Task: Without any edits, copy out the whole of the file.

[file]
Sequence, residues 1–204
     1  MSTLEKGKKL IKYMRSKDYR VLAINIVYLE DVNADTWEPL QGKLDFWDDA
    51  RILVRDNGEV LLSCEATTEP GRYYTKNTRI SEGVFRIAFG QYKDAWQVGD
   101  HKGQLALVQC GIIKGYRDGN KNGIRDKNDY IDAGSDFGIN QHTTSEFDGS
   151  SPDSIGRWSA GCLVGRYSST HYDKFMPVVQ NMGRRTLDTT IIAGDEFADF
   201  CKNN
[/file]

Sequence, residues 1–204
     1  MSTLEKGKKL IKYMRSKDYR VLAINIVYLE DVNADTWEPL QGKLDFWDDA
    51  RILVRDNGEV LLSCEATTEP GRYYTKNTRI SEGVFRIAFG QYKDAWQVGD
   101  HKGQLALVQC GIIKGYRDGN KNGIRDKNDY IDAGSDFGIN QHTTSEFDGS
   151  SPDSIGRWSA GCLVGRYSST HYDKFMPVVQ NMGRRTLDTT IIAGDEFADF
   201  CKNN